The Sam Rose ’58 and Julie Walters Prize at Dickinson College for Global Environmental Activism awards $100,000 each year at Commencement to its recipient, who returns to campus for a short residency during the academic year.

Committed to restoring and sustaining the natural world for future generations, Rose and Walters created this prize to focus attention on the need to reduce the impact of human lives on the planet, particularly given the rising population predictions for this century. “Education is a necessity if we are to understand the problems facing the natural world and its inhabitants,” said Rose. “Julie and I wanted to endow the prize at Dickinson because we fully support the curriculum, which promotes student awareness of the environment and training for professional careers in the sciences as well as responsible living for the protection of all life forms.” (Read the award's full statement of purpose here.)

Rose, a real-estate developer and attorney, was a member of the 1958 Dickinson lacrosse team that made college history when it won Dickinson’s first and only national title. A founding partner of Greenbaum and Rose Associates, he has more than 40 years of experience in commercial development, primarily in the Washington, D.C., metropolitan area. An emeritus trustee of Dickinson, in 2001 he established the Samuel G. Rose ’58 Scholarship at Dickinson for economically disadvantaged students. Rose also serves as vice chair at the Smithsonian American Art Museum, and he and Walters are members of Dickinson’s Founders’ Society.

As long-time supporters of the Natural Resources Defense Council (NRDC), Rose and Walters endowed the prize to honor NRDC co-founder John H. Adams and his 40 years of dedication and service to environmental causes.

The award is given annually to an individual or group dedicated to preserving the planet and its resources. Recipients are carefully vetted and selected by a committee including environmental science faculty, the provost and several leaders in environmental organizations including a co-founder of the Natural Resources Defense Council.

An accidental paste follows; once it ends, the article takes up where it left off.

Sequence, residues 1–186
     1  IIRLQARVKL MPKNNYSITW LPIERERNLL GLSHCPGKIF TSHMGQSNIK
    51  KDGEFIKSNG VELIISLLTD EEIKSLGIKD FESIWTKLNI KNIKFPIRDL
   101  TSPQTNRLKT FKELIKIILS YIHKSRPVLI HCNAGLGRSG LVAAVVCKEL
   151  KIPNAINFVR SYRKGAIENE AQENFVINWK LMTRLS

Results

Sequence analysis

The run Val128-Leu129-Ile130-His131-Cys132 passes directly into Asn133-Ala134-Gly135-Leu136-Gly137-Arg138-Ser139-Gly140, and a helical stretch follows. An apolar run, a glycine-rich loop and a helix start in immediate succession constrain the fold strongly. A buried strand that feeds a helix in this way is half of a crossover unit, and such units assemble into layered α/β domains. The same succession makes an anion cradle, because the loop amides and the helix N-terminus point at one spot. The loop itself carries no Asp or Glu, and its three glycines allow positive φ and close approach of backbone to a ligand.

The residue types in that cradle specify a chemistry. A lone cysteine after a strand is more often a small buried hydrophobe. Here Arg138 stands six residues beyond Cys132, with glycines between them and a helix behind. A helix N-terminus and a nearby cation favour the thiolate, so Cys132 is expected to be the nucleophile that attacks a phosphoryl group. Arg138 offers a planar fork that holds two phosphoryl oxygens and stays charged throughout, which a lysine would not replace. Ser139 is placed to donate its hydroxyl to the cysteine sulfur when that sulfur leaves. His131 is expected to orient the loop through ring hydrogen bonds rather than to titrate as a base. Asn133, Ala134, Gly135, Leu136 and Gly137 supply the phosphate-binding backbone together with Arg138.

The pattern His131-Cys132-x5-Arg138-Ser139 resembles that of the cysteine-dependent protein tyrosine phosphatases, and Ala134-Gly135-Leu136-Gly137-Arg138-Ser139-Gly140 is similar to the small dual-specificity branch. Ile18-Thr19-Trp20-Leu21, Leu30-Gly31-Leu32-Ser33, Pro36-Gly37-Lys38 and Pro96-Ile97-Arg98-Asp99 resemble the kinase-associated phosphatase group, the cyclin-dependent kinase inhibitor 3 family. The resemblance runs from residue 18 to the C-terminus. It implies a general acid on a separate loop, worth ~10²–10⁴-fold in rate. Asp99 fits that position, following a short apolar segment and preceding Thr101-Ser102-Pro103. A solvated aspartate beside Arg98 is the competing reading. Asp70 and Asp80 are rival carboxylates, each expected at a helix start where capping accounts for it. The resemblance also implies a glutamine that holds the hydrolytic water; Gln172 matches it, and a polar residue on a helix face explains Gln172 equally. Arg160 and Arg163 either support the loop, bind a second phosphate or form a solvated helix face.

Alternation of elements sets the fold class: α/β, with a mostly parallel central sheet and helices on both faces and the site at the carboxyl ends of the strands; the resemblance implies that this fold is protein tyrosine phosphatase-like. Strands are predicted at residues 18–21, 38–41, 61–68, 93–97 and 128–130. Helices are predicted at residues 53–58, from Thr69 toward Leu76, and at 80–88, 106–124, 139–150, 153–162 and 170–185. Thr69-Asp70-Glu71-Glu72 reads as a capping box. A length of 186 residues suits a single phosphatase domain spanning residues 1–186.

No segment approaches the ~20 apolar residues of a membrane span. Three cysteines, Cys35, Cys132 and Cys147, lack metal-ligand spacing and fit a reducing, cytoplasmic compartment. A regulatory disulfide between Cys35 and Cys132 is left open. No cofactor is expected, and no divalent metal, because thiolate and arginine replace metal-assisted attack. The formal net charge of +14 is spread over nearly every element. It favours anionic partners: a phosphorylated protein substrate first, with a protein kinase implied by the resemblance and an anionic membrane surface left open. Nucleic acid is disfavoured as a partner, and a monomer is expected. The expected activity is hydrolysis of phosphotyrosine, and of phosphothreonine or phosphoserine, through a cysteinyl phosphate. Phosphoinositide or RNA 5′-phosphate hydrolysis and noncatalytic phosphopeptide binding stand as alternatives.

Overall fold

2020: Armond Cohen, the founder and executive director of the Clean Air Task Force (CATF), a leading force in reducing air pollution and climate pollutants from the nation’s power plants, industries and cars and trucks since its founding in 1996.

2019: The Natural Resources Defense Council (NRDC), an international environmental advocacy organization, for work defending America’s wildlands, including the Arctic National Refuge, Bristol Bay in Alaska, and the monuments of the West.

2018: Our Children's Trust, a nonprofit leading a global climate recovery campaign, elevating the voice of youth—those with most at stake in the climate crisis—to favorably impact their futures through advocacy, public education and civic engagement.

2017: Brett Jenks, president and CEO of Rare, a global conservation organization that uses its expertise in human behavior change to create enduring and sustainable climate-smart solutions for both people and nature

2016: Elizabeth Kolbert, Pulitzer Prize-winning journalist talks about climate change during a public lecture at Dickinson – "The Sixth Extinction"

2015: Mark Ruffalo, actor, director and award-winning advocate for addressing climate change and increasing renewable energy – "No Cape Required: Mark Ruffalo Urges Students to 'Act Up' For The Environment During Rose-Walters Residency"

2014: James Balog, author, scientist and award-winning photographer who founded the Extreme Ice Survey (EIS) and Earth Vision Trust – "Talking Ice: James Balog Discusses his Work 'Chasing Ice' With the Dickinson Community"

2013: Lisa P. Jackson, Apple's vice president of environmental initiatives and former Environmental Protection Agency administrator under President Barack Obama – "How to Change the World: EPA Leader Holds Energized Residency"

2012: Bill McKibben, author, journalist and founder of – "On the Front Line: Rose-Walters Prize Recipient Bill Mckibben Brings Front Line of Climate Fight to Dickinson"